Winning a third term for National – Part III

Part III is not that different to Part II – rejuvenation again – but of caucus, not Cabinet.

Labour failed to rejuvenate their caucus in 2005. They did a much better job in 2008, and that strengthened their caucus considerably. They failed in 2011, protecting incumbent MPs with the result being the only new List MP is Andrew Little.

did not rejuvenate greatly in 2011. There are three new List MPs, and six new electorate MPs, but this is out of a caucus of almost 60.

A caucus needs to have a balance of MPs. Not all MPs are going to be Ministers, and many MPs whom do not become Ministers still provide excellent value to their constituents and to Parliament through work on select committees. However service in Parliament as a backbench MP should not be seen as a life-time work (as it has been for Labour’s Ross Robertson) but something you do for a limited period.

It is essential that for 2014, National clearly indicates to caucus that MPs will not be automatically be given winnable spots, and that new aspiring candidates will be ranked higher than some MPs if their regions back them strongly enough. The Party Board and leadership need to send out unequivocally clear signals in 2013 about the 2014 list, so that MPs can make an informed choice about whether they retire with dignity, or wish to risk putting themselves forward for list ranking, and possibly ending up with an unwinnable ranking.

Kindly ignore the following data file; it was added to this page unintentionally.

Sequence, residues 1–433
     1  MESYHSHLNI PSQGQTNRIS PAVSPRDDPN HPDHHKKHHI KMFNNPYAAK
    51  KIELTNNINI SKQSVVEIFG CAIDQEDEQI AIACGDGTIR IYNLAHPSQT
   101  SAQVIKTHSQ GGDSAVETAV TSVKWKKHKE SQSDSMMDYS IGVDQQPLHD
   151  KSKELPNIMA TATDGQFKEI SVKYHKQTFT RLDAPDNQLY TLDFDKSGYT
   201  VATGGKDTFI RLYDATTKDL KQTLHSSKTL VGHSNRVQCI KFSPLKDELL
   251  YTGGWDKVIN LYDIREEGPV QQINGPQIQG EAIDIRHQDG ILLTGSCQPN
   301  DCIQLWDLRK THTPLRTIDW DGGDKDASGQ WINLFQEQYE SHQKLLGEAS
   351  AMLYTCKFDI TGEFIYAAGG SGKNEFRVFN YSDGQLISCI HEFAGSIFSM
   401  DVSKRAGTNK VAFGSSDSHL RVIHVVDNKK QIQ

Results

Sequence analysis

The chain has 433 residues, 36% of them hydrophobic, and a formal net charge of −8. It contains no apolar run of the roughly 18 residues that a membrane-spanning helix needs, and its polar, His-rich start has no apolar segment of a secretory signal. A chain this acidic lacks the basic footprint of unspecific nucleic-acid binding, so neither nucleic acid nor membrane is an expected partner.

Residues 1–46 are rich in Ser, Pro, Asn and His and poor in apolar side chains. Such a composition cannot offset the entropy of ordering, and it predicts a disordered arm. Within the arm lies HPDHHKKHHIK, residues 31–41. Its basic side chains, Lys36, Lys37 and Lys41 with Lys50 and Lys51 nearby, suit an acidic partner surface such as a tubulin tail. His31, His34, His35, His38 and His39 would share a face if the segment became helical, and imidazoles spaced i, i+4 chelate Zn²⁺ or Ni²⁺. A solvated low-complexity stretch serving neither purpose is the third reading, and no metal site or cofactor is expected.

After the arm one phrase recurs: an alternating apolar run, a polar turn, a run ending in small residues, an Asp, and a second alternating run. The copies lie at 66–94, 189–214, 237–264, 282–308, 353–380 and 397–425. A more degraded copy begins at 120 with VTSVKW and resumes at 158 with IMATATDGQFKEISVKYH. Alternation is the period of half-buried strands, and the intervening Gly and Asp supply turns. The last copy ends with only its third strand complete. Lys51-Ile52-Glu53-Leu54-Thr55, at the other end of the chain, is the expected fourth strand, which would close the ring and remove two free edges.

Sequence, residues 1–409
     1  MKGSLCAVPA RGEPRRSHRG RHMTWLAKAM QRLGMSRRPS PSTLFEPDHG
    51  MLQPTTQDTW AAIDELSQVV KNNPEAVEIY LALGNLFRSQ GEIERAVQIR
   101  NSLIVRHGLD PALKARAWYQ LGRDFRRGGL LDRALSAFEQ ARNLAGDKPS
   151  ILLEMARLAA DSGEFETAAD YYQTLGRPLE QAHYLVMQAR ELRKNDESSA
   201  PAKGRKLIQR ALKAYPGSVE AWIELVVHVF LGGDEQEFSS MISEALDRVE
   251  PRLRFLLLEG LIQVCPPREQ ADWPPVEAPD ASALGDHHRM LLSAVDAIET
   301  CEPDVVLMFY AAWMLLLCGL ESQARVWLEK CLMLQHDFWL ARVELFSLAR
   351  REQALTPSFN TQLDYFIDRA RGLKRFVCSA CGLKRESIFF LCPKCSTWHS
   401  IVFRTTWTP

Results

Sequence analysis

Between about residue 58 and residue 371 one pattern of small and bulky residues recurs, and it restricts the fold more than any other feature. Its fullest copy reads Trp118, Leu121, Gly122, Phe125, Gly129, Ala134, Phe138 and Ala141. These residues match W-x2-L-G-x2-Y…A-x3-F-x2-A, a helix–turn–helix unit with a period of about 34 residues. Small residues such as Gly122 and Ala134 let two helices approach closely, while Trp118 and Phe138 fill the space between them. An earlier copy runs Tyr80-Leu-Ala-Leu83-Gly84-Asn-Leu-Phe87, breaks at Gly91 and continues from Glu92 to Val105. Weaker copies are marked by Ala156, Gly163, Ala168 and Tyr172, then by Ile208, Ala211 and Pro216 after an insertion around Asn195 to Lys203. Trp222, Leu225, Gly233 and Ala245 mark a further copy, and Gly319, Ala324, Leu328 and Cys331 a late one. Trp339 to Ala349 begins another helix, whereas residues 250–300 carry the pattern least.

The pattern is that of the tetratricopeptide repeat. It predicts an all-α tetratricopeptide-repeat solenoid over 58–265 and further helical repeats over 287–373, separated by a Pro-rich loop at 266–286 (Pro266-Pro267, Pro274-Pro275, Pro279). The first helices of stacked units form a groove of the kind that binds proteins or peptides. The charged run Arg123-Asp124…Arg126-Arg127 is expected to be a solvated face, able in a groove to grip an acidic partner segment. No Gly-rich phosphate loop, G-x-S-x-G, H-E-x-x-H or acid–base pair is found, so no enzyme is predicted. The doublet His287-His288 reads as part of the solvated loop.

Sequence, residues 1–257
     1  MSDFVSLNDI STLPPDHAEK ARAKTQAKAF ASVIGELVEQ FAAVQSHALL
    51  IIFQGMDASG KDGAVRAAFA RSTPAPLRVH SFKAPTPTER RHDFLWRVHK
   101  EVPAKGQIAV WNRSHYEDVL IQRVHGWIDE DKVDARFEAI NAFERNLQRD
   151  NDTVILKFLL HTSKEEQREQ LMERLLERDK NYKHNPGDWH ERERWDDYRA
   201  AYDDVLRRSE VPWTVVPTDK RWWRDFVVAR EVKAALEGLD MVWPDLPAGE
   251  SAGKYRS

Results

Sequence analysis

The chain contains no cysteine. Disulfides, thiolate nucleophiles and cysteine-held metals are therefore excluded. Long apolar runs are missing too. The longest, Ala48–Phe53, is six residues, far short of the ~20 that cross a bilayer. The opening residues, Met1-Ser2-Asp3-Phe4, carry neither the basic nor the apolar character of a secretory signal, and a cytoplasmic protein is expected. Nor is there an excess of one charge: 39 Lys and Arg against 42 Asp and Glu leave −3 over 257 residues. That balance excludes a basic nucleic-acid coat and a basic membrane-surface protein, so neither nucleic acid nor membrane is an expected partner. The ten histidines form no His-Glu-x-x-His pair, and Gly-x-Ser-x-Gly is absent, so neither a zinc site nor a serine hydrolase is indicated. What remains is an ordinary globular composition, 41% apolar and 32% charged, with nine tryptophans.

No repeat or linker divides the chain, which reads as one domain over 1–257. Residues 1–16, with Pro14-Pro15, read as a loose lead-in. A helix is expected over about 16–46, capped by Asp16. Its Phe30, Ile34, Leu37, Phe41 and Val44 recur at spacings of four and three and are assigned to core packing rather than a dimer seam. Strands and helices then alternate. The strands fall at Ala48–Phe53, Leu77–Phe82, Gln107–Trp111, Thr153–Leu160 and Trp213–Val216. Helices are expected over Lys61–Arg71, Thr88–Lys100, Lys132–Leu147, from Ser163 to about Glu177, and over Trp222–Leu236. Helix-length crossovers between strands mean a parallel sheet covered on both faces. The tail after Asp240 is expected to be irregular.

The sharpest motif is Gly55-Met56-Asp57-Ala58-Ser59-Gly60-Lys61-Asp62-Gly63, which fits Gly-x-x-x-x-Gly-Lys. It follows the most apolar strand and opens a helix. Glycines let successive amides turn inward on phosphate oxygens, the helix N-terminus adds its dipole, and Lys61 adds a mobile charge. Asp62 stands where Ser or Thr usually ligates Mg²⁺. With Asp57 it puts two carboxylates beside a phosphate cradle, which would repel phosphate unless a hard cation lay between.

With electorate MPs it is of course between them and their electorate, if they stand again. The hierarchy get little say in this – especially in the stronger seats. It is worth noting though that incumbent MPs have faced challenges. John Key, Judith Collins and formerly John Carter all became MPs by defeating an incumbent for a nomination.

This might all sound rather negative talking about Ministers and MPs needing to “go” the week after an historic victory. That is deliberate. Winning a third term will be far more challenging than winning a second term.  There should be no complacency that the popularity of the Prime Minister will guarantee a third term. I am pointing out the need for rejuvenation now, so that it is not seemed aimed at any individual Minister or MP. It isn’t. I don’t have a list of whom I think should or should not stay on past 2014. What I’m talking about is the need to recognise early on that winning a third term will require some people to put the overall good of the National Party before their individual desires.

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